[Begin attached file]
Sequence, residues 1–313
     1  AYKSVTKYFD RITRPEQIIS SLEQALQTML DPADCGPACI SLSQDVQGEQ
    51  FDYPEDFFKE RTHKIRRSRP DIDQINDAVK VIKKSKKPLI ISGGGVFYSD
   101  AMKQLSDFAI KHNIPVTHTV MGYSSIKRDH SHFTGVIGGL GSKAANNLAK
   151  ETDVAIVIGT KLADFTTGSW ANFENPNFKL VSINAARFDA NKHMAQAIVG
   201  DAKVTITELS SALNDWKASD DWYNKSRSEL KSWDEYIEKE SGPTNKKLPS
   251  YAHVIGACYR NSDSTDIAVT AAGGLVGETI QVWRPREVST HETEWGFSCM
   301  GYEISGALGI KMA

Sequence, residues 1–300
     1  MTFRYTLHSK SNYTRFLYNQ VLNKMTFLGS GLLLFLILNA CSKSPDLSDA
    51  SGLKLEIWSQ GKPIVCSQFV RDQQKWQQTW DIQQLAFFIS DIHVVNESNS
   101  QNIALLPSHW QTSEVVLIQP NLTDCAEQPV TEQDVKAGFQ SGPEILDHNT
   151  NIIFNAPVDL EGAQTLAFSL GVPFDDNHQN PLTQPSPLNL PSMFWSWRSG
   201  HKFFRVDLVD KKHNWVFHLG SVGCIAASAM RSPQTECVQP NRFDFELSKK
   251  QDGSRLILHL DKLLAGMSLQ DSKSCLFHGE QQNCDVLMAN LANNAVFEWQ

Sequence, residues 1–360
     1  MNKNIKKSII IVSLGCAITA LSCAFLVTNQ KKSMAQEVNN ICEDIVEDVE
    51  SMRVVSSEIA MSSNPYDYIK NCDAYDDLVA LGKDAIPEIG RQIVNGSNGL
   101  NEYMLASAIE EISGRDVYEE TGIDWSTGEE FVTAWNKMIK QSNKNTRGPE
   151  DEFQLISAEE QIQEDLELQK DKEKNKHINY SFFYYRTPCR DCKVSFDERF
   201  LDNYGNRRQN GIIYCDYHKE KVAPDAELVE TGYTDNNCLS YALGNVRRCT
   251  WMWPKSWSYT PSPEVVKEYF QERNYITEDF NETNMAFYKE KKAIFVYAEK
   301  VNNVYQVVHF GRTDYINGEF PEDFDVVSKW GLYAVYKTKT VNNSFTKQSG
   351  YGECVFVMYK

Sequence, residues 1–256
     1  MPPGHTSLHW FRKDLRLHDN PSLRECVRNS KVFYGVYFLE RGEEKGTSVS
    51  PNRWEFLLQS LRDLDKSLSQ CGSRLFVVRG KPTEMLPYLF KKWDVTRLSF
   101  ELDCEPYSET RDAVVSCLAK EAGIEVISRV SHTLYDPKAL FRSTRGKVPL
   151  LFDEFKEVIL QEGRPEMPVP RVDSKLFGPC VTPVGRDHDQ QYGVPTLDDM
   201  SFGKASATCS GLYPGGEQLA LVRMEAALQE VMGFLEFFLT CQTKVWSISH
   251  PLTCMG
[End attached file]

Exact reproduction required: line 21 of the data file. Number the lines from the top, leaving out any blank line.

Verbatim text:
   201  LDNYGNRRQN GIIYCDYHKE KVAPDAELVE TGYTDNNCLS YALGNVRRCT